The ring Borsheims gave in 2016, its first year of the contest, is pictured at left, while the 2017 winner is at right.
Omaha, Neb.--After having a tough year, Lori Miller decided to get into the holiday spirit by giving back through The Salvation Army, and her altruistic decision ended up paying off unexpectedly.

Miller was the 2017 winner of the Borsheims Big Ring contest, in which people who rang bells for the Salvation Army’s Red Kettle campaign between Nov. 11 and 23 were entered to win a diamond ring.

A resident of nearby Blair, Nebraska, Miller had lost the diamond from her original wedding ring last year, just as she and her husband were celebrating their 15th anniversary.

Her husband also was in a car accident, breaking his right knee and his right heel, and had to undergo five operations last year. He just returned to work at the end of the year.

To teach her sons that there are people less fortunate who need help, she signed up to ring bells with The Salvation Army this winter.

Needless to say, she was thrilled to be named the winner of the drawing even though she told the Omaha World-Herald that she didn’t know there had been a contest.

The ring she was given features a 0.55-carat round center stone, plus a double diamond halo and stones on the shank (all accent stones weighed a total of 0.49 carats) in 14-karat white gold. It retails for $5,395.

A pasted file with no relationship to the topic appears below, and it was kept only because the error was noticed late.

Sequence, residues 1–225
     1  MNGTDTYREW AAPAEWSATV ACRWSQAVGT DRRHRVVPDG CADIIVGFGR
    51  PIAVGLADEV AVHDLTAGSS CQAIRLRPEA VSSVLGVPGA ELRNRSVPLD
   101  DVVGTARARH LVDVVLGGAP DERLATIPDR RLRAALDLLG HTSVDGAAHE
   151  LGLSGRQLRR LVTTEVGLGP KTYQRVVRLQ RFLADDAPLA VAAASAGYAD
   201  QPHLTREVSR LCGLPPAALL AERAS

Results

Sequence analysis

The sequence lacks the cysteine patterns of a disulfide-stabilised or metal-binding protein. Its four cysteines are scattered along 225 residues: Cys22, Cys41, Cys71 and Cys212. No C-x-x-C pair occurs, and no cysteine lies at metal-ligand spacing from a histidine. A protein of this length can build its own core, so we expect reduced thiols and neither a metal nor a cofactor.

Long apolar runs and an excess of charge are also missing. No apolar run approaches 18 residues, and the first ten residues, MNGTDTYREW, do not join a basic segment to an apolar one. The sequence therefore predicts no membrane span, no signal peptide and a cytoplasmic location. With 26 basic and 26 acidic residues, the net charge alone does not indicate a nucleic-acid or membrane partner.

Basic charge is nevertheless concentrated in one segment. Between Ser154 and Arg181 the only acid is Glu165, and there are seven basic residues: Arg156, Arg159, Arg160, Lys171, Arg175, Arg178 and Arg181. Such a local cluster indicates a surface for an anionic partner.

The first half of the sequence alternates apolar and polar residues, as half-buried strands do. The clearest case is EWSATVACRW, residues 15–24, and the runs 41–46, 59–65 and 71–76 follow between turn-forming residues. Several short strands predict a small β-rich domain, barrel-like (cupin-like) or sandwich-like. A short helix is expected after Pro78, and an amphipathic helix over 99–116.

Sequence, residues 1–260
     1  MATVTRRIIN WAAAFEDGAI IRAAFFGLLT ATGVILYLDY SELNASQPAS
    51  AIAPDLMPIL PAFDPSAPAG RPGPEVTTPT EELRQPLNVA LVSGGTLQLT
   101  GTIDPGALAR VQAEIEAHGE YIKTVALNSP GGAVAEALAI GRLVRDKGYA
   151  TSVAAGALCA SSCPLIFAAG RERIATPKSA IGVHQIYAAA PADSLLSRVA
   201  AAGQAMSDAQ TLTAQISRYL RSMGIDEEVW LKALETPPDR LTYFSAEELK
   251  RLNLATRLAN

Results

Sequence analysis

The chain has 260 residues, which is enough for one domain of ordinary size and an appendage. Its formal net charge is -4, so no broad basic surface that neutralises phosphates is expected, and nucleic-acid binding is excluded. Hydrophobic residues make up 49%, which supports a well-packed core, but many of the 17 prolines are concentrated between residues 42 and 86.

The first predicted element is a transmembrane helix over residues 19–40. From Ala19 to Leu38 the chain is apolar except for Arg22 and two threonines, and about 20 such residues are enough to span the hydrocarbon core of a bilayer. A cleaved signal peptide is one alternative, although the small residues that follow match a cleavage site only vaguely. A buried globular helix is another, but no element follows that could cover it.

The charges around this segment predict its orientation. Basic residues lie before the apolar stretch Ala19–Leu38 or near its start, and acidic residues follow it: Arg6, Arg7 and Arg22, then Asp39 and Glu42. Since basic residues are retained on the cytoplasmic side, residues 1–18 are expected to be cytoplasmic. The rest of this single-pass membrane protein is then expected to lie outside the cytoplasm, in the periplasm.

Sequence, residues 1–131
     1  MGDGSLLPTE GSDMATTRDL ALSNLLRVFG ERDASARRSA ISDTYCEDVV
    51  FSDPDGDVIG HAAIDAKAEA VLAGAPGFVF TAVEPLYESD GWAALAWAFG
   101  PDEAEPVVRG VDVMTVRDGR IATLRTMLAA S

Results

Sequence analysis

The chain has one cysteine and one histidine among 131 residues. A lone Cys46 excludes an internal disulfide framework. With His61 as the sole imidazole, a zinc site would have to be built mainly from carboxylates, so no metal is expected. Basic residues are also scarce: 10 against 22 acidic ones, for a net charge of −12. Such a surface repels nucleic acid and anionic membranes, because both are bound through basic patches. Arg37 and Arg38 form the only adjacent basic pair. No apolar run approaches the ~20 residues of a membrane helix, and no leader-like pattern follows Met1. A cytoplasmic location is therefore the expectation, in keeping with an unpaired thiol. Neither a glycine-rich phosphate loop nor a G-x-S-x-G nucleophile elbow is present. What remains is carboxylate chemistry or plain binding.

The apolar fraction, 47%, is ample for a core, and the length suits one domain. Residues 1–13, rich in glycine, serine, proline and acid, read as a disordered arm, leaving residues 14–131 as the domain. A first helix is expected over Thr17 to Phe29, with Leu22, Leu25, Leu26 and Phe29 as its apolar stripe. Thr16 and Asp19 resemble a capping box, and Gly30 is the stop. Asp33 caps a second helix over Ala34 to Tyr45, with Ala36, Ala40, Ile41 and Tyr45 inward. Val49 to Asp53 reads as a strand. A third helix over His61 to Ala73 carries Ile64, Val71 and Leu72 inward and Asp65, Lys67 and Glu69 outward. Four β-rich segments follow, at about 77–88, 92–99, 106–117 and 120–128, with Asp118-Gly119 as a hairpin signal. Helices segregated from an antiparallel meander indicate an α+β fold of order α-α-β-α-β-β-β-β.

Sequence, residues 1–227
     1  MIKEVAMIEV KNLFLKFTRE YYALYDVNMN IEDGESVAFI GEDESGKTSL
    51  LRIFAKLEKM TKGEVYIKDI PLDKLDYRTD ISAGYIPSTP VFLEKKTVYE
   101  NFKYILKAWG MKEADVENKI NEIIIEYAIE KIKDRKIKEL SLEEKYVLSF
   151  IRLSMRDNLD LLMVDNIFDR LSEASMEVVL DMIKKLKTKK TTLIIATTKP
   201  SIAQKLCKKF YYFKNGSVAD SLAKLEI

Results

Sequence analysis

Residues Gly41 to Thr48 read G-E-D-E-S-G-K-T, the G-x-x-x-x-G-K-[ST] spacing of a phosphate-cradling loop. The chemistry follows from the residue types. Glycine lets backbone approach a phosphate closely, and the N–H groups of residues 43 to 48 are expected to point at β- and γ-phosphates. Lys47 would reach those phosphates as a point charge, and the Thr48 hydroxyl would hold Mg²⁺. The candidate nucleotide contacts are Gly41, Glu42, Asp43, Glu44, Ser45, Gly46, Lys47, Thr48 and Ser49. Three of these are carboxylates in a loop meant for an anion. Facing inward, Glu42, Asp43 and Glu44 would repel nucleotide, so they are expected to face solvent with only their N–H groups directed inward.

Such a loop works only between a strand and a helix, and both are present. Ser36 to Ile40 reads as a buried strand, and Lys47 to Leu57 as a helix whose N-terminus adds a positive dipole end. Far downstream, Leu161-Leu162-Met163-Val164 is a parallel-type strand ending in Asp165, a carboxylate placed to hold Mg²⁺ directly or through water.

This was the second year for the Big Ring contest, which not only gives a ring to someone who is giving back but also helps The Salvation Army.

The organization said through the campaign, Borsheims inspired people to sign up for bell-ringing shifts; almost 93 percent of bell-ringing shifts in Omaha this year were filled by volunteers, compared with only 89 percent last year and 73 percent two years ago.

The money raised from the Red Kettle campaign goes to The Salvation Army’s human need fund, providing food, housing, youth development and other social service needs.

“We love being a part of this wonderful effort by The Salvation Army,” Borsheims President and CEO Karen Goracke said. “Our employees join in the bell-ringing fun, volunteering to ring more than 35 hours at our busiest time of year. We are so happy to see Ms. Miller win, and hope the new diamond ring brings her and her family much joy.”

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